Simple, Practical Ways to Get Rid of Whining
We all love our kids but there’s something that nearly every parent struggles with, something nearly every child does sometimes, and something which some kids do all the time.
WHINING. Oh, that awful sound.
It’s no surprise when a baby cries, and it shouldn’t surprise us that a young child whines. A baby has to communicate its needs somehow, and if we’re paying attention—and willing to respond when the first warning signs appear—many babies can be nurtured and comforted quickly, without a stressful contest of who can cry the longest. We really don’t think a 6-month-old is being manipulative or malicious when they cry for nourishment, comfort, or even attention; they have needs and not much way to ask politely … or to exercise patience and self-denial.
Toddlers, well, that’s a different story. Little kids have very short attention spans—except for the ability to whine. That can go on forever.
Two observations that helped us
First, attention given early is often shortest. When the 3-year-old runs up to a distracted parent, how often we try to put him off. “Just a minute … not now … Mama’s busy …” Sometimes there’s no option. Often, though, if he doesn’t get a response from Mama, the whining starts … which grates on our nerves, and makes us even less patient (and less able to concentrate on what we were doing).
What if, instead, we try to pause what we might be doing—teaching spelling, answering an email, whatever—if we put our activity on hold for a moment and give the little one our full attention for just a minute? Eye contact, a hug, real engagement … Very often, thirty seconds of real connection will meet the little one’s need, and he’ll run off happily.
Or else, we can put him off as long as it takes … and try to be productive in spite of the increasing whine. Not really efficient … and not really that loving, usually.
But whining is a behavior, and that means you can train it! It’s a form of communication, and just like we teach children to say “Yes, ma’am” or “Please” and “Thank you”, we can teach our kids not to whine.
Invest the time to stop the whine
Do they even know what they’re doing? Small children aren’t very self-aware, other than, “I want” and “I feel.” If whining gets on our nerves (if?), then we need to teach them better ways to express their needs. Invest the time to stop the whine. Stop what you’re doing, if you can, and explain how to ask more politely.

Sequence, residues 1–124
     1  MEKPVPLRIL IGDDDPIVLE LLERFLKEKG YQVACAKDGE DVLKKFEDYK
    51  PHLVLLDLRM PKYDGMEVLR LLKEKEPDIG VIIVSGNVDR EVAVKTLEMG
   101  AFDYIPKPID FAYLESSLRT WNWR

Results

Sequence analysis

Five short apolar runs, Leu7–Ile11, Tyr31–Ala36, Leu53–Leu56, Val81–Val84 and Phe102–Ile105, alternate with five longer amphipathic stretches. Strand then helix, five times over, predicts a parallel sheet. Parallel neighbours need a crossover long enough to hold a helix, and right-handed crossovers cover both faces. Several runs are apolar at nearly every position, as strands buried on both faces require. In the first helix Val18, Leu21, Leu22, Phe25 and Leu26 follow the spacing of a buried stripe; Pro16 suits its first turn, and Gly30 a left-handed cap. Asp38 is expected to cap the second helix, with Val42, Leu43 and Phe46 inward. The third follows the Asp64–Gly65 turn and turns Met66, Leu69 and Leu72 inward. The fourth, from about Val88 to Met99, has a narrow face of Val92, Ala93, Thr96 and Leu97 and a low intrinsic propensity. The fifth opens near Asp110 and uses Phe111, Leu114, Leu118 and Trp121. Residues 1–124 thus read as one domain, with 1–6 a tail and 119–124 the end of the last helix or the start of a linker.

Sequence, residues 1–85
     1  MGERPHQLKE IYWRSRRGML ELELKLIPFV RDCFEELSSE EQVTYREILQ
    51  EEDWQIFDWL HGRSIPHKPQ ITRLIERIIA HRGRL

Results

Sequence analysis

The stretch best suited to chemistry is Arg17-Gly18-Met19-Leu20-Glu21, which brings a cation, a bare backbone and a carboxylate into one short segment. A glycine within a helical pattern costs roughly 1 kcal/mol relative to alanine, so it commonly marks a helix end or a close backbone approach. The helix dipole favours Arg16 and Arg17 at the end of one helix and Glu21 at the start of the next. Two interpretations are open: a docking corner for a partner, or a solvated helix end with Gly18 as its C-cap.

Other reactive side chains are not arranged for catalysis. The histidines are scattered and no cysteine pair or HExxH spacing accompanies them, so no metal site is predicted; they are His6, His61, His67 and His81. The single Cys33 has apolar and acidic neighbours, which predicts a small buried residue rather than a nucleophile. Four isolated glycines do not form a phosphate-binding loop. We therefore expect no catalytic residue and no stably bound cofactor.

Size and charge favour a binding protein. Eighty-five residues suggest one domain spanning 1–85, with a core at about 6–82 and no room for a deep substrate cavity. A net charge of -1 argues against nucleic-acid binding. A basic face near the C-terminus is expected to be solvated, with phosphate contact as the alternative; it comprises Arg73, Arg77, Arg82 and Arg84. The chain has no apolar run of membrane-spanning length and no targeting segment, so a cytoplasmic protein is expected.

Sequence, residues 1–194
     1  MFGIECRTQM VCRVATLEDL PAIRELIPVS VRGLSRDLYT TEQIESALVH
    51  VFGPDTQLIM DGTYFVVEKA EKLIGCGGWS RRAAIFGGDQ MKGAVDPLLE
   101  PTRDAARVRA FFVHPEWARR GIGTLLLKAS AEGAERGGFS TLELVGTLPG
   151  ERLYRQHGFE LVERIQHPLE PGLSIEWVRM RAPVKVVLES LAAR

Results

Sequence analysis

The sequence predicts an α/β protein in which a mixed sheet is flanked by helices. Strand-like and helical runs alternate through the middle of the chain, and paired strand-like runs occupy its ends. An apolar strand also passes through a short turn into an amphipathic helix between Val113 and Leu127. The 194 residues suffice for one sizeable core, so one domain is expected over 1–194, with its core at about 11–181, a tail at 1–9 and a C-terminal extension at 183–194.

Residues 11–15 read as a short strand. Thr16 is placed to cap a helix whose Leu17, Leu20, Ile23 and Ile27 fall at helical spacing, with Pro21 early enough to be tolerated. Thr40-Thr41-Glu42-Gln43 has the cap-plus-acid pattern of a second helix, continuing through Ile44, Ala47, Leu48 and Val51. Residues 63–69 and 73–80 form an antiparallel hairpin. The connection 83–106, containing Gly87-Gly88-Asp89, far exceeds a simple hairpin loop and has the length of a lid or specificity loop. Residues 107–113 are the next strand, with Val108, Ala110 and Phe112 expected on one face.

“Sweetie, the way you’re speaking is very unhappy to listen to. ‘Maaaaaamaaaaa … I’m hunnnngry.’ That’s called ‘whining,’ and it makes people unhappy with you. Let’s try it this way–‘Mama, I’m hungry. Can I have a snack?’ Can you say it that way?”
And then reward improved behavior! (This is all about the tone, not the grammar … you can work on “Can I” vs. “May I” another time.)
After you’ve made this point, so the young one realizes that whinnnninnnng is something they need to avoid, then you can offer some negative reinforcement. This is normally just irritation and socialization, not a matter of sin and rebellion, so we use very mild corrections:
- Time out for whining. This is probably the only time we recommend “time out” as an effective discipline! We told the whiner, “I’m sorry, that’s what I warned you about. You’ll have to be silent for one minute. You’re not allowed to talk until the timer goes off.” Whether you use a kitchen timer (tic tic tic tic tic tic tic tic …) or the countdown on your cellphone, make a big deal about starting and ending the quiet time. Add minutes if they start again. “Whoops, there’s that tone again. You can’t talk for two minutes this time …” We had one pessimistic child who worked up to twenty minutes before he changed his tone! But a two- or three minute pause can be very effective with a young, impatient child. If nothing else, you get a short break of listening to it!
- Older kids need reminders, too. When a teenager gets whiney—and they do, sometimes—you can laugh it off. “I’m sorry, when I hear that tone of voice, my brain just shuts down. I don’t speak Whine. Can you re-phrase that in a normal tone?” (A co-worker asked a complainer in his office, “Would you like some cheese to go with that whine?”)
- Don’t reward bad behavior. Sometimes it’s effective to make an “automatic no” rule—you whine, you don’t receive. Never give the impression that a big-enough bother will get the child what he wants. But use some mercy! If a child comes up to whine, “Maaaamaaa, I need a Baaaand-Aid …” he may actually need some first aid right then. And if a kid is grumpy and complaining at the end of a 300-mile car trip, who can blame him?
As a father pities his children, so the LORD pities those who fear Him. For He knows our frame, that we are but dust.
- Remember this is a long-term, low-intensity problem. You don’t have to slay every dragon every time. You’ll have plenty of opportunities to teach effective communication skills. Sometimes you hear the whine and it just makes sense to let it pass—you really can’t pause what you’re doing, or the child is sick or exhausted and can’t help themselves, or it’s just not a good time to engage this parenting issue. It’s okay to deal with it another day.
|When you’re training them not to whine, though, don’t overlook the underlying problem …(to be continued …)
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